The decline of Forges de Clabecq


    The Forges de Clabecq, a 100-year-old family firm run by the last representative of the founding family until 1995, kept out of the regroupings in the Belgian steel industry which occurred at the end of the 1970s. It then still employed 5,000 workers and had its own markets and specific products. The public authorities became shareholders in the 1980s, but left the power of decision with the private shareholders, the families and their banking groups. Non-profitable installations were closed, but a modern steelworks was built, and in 1991 there were still 2,250 employees. A year later, in 1992, the firm entered a critical phase. A strike broke out in protest at the management's proposals to dismantle the operation and to cut jobs and wages.

    To get the enterprise out of difficulty, the Walloon regional government granted a loan on the condition that the workforce accepted the management plan. The dispute ended only when the enterprise's trade union delegation was brought into the talks and the wage cuts were considered as a debt the firm would in future owe to its employees. The 1992 dispute remained in people's memory; the Forges workers and their delegation acquired the belief that they were alone in having the will to continue the struggle against the public and private shareholders and even against the Socialist and Social-Christian parties in the coalition government of the Walloon region.

    In 1996, the private shareholders withdrew from the board of directors, leaving the public shareholders mandated by the Walloon region to manage the heavily indebted enterprise on their own.


    The bankruptcy of Forges de Clabecq

    The Walloon region then hesitated over the attitude to adopt: the expert's report it had requested from Jean Gandois, general manager of the Forges' competitor, Cockerill-Sambre, which had always refused to merge with the Forges, turned out to be negative. Despite the risk of prohibition by the European Commission, the regional government decided to recapitalise the enterprise to the tune of BEF 1.5 billion over two years. That decision was considered political, as closure would have had disastrous consequences for the region which was already seriously affected by deindustrialisation and, as such, had become a powerful symbol.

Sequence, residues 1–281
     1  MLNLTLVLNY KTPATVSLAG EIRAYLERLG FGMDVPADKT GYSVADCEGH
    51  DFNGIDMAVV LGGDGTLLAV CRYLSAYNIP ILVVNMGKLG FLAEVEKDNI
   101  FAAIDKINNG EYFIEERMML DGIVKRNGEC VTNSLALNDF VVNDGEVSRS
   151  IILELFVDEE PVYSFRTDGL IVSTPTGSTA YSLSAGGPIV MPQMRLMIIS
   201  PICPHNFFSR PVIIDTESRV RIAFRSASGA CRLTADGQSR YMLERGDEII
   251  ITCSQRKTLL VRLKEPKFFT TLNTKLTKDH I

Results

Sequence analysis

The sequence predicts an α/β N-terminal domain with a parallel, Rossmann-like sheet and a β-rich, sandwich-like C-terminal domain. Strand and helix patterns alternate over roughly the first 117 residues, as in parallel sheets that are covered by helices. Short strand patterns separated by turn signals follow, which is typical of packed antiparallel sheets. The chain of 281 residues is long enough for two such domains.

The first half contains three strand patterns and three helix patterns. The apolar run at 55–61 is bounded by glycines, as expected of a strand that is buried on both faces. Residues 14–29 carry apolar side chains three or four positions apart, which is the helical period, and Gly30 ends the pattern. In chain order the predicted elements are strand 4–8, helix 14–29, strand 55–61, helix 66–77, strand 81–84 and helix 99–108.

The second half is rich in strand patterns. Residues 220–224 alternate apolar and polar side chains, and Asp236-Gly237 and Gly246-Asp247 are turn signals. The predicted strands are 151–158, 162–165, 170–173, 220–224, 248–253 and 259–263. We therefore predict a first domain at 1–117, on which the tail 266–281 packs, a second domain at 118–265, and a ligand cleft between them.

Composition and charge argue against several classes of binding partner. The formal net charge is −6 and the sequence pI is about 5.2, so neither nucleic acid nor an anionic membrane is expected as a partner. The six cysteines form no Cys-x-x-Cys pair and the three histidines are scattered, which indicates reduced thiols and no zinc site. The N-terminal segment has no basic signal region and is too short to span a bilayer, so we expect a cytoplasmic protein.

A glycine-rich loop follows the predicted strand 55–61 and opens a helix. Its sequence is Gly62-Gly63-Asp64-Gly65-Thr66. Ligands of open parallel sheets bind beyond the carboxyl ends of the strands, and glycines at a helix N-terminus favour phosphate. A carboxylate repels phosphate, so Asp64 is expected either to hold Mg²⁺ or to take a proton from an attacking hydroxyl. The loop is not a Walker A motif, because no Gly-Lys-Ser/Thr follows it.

Bankruptcy was declared at the beginning of 1997, after the refusal of assent by the European Commission, and all the Clabecq employees were dismissed. Resources were insufficient to pay back the bank loans or pay the legal compensation and the debts owed to the workforce.


    Here's the pics!
    [​IMG]

    [​IMG]

    [​IMG]

    [​IMG]

    [​IMG]

    [​IMG]

    [​IMG]

    [​IMG]

    [​IMG]

    [​IMG]

    [​IMG]

    [​IMG]

    [​IMG]

    [​IMG]

    [​IMG]

    Does it annoy anyone else that the bits on the left aren't aligned?:crazy
    [​IMG]
     

    Remove this ad by donating or subscribing.

  2. Speed

    Speed Got Epic?
    Regular User

    Joined:
    Nov 15, 2005
    Messages:
    2,728
    Likes Received:
    1,991
    Re: Forges de Clabecq, Belgium 03/08/08 REPORT

    [​IMG]

    Yeh its really hard to scale from photos. The sites foot print is probably comparible with the biggest of the uk industrial sites but this places goes up aswell! I found the place a bit bland and didnt see much i wanted to photograph as such, yet simply being there in such a huge place made it really awsome!

    Accidently driving the train was the best bit for me tho :p

    we do need to go back and see the control room etc. tho thats for sure!
     
Draft saved Draft deleted
Loading...

Users Who Have Read This Thread (Total: 0)

Share This Page

Remove this ad by creating an account and logging in